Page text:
Welcome to this Hyper-V column, where I’ll give you practical guidance to using new features and tips and tricks on running it efficiently. In this first article, we’ll look at nested virtualization, available in both Windows Server 2016 and Windows 10 (Pro and higher).
This has been available on the VMware side of the fence for some time, but it’s not supported in production. The main reason Microsoft fully supports nested virtualization in the latest version of Hyper-V is Windows/Hyper-V containers.
In case you missed it, Windows Server 2016 (and Windows 10) offer Windows containers, which are very similar to Linux containers. Docker is ported to Windows, so you use the same tools to manage containers on both platforms. These two OS containers offer isolation, but it’s not a hardened security boundary, which is probably OK in your development phase and perhaps if you deploy containers in production on your own in-house metal.
If you’re looking to run your code in containers in a public cloud, though, you’ll want to go with Hyper-V Containers. Inside, these are identical to Windows containers, and your code will work exactly the same in both; but since each container is isolated in its own verylightweight virtual machine (VM), you get the full benefit of Hyper-V isolation from any other container on the same host.
Another benefit of nested Hyper-V virtualization is for labs and training scenarios where you can, for instance, build a cluster of several virtual Hyper-V hosts on a single physical computer.
Note that only Hyper-V is supported in a nested VM; Microsoft won’t support VMware’s ESXi or another virtualization platform inside a Hyper-V VM and be supported (although it works).
Your physical machine needs hardware-assisted virtualization, called Intel VT or AMD-V, in your UEFI/BIOS setup. Data Execution Prevention (DEP) needs to be enabled, and your 64-bit processor must support second-level address translation (SLAT). If you haven’t enabled Hyper-V yet and would like to see if your box is up to it, open a PowerShell prompt and typeSysteminfo.exe; toward the end it’ll list your hardware and if the requirements are met. Find the Windows 10 requirements here and the Windows Server 2016 here.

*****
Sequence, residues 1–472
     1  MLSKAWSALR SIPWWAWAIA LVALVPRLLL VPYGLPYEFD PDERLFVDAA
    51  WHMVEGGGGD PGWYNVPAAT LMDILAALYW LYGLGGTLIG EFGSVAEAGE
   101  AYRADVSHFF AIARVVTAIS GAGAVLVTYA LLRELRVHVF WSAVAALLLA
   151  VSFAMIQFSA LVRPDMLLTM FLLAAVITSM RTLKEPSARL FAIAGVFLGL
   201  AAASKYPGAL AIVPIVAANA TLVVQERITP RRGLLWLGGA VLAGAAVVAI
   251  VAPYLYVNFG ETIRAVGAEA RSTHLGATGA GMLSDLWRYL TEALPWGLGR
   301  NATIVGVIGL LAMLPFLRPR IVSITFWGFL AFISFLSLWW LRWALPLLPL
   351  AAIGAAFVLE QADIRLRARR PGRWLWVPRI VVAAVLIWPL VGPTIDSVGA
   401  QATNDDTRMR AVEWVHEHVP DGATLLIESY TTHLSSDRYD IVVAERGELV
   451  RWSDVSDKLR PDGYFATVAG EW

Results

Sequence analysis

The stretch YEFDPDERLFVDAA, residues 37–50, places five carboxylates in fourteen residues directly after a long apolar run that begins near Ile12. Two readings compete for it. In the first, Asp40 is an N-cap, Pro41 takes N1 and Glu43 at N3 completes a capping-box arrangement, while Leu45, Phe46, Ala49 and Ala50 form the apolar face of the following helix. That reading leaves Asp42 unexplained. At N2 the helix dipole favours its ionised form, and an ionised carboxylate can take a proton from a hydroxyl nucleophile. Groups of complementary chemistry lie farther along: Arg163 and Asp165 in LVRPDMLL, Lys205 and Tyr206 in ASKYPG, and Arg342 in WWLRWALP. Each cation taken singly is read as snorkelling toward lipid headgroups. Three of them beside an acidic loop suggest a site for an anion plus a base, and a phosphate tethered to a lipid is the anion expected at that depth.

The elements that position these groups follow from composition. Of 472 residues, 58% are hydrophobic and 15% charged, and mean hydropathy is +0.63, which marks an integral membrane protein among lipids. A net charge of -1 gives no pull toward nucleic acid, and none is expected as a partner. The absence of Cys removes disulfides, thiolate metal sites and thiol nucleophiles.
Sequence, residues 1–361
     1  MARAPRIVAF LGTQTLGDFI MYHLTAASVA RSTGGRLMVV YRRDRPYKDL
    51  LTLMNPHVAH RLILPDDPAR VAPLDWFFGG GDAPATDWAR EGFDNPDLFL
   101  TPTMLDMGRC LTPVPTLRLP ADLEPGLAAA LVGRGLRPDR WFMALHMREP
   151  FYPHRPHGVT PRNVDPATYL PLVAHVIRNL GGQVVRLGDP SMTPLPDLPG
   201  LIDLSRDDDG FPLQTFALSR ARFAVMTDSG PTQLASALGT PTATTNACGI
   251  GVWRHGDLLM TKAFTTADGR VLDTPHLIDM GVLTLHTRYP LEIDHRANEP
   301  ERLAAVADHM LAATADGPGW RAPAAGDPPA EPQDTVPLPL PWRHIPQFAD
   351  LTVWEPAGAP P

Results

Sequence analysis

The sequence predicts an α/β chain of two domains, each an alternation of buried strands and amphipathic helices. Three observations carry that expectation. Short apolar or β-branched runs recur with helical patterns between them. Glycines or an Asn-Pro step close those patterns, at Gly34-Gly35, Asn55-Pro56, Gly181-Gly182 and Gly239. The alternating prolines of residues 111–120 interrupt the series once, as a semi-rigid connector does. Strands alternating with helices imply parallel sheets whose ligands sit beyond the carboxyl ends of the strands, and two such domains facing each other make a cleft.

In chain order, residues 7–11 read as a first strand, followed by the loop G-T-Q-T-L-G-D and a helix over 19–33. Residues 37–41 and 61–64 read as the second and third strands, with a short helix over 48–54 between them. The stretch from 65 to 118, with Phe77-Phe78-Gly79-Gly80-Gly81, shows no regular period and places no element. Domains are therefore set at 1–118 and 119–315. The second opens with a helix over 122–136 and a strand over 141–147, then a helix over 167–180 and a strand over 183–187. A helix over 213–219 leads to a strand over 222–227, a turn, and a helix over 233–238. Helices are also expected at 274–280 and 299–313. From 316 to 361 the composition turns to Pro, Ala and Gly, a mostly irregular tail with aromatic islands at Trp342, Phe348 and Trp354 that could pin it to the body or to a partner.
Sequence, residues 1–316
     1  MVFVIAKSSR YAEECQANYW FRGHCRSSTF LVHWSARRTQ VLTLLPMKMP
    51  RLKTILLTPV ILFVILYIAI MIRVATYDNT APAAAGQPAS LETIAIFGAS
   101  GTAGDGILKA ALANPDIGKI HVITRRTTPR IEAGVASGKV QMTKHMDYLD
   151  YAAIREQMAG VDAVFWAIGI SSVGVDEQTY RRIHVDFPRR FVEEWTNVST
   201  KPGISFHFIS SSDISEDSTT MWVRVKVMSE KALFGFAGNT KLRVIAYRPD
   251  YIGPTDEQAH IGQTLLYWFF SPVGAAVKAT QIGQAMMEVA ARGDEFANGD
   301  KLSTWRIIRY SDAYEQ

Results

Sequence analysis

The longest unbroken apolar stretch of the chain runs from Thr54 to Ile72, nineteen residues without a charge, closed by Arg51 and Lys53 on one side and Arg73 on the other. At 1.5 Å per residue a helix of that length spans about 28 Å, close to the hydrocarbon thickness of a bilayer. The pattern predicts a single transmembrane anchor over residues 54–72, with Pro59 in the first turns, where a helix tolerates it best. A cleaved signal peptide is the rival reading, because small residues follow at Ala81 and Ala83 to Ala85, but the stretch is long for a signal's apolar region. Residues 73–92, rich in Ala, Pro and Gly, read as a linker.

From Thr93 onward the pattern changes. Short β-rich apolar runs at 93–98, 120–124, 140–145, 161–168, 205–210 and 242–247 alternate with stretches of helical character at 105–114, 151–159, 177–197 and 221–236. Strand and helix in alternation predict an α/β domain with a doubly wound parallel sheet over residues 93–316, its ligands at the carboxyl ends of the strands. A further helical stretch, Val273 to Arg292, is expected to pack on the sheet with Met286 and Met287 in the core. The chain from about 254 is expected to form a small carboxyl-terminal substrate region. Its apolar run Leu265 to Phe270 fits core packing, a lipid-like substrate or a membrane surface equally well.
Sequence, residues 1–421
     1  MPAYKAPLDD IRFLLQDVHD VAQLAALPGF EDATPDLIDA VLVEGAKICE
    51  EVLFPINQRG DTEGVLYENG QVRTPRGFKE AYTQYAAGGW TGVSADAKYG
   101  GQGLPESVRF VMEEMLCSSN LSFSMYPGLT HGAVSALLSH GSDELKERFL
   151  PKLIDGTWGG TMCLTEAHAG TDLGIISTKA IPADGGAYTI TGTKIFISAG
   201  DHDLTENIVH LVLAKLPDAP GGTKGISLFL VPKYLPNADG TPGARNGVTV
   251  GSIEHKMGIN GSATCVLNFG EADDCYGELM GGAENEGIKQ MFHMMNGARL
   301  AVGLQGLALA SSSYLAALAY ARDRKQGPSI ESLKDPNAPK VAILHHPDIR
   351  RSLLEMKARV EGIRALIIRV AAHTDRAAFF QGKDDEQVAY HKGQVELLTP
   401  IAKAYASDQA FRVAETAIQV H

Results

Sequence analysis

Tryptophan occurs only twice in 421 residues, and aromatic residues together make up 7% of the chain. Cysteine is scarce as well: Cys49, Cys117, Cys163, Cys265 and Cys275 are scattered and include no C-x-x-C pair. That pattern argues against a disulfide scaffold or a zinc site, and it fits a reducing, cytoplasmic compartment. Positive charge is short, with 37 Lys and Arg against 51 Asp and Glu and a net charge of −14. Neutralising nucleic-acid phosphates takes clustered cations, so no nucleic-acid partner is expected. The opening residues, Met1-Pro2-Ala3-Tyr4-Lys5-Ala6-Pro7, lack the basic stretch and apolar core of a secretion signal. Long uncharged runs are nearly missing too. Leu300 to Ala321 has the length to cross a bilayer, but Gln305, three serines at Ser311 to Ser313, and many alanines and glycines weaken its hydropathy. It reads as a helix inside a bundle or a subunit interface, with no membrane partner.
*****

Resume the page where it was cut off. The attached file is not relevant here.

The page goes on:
Nested virtualization isn’t a feature enabled system wide; rather, you create a VM and expose the virtualization features on the virtual processors on that VM, which then allows you to run Hyper-V in that VM.
So, head over to Hyper-V Manager to create a new VM (Figure 1):
Make sure you pick a “Generation 2” VM, as shown in Figure 2.
Next you’ll need to assign memory. This will vary based on the amount of memory in your physical host and how many VMs you’re planning to run inside the VM. In this example I picked 8GB. Make sure you turn OFF dynamic memory (see Figure 3), as this can’t be used with nested virtualization VMs.
Connect the VM to an appropriate virtual switch and configure a virtual hard disk. If you’re planning on storing VMs on an internal disk, make it big enough to fit them, then install Windows Server 2016 from an ISO file.
Once your VM has been created, if you start it and try to add the Hyper-V role in Server Manager you’ll get the error shown in Figure 4.
So instead (this must be done with the VM turned off), open an administrative PowerShell command prompt on your physical host and type:
Set-VMProcessor -VMName Name-ExposeVirtualizationExtensions $true
Note that if you get an error message here, it’s most likely because you’ve imported a VM from an earlier version of Hyper-V (rather than creating a new one as per above), in which case the configuration version needs to be updated to 8, with a simple right-click in Hyper-V Manager.
Start the VM and install the Hyper-V role. After the obligatory restart after a Hyper-V role installation, open Hyper-V Manager and create a VM inside your host VM.
There are some limitations today: dynamic memory for the host isn’t supported, and you can’t change the amount of memory while the VM is running. You can’t Live Migrate the host (although live migrations of VMs between clustered virtual VM hosts works), and you also can’t checkpoint the virtual host.
You also need to choose an option for networking. Either enable MAC Address Spoofing on your host virtual switch (that the virtual VM is connected through), or if you don’t have access to those settings, you’ll need to configure NAT.
To enable MAC Address Spoofing, type the following at a PowerShell command prompt:
Get-VMNetworkAdapter -VMName Name | Set-VMNetworkAdapter -MacAddressSpoofing On
Microsoft announced support for VMs in Azure (running on Windows Server 2016) that support nested virtualization back at Build 2017 and recently provided more details. It’ll be interesting to see the different scenarios people will use this new capability for. I have some ideas, which I’ll cover in my next article.
Source : virtualizationreview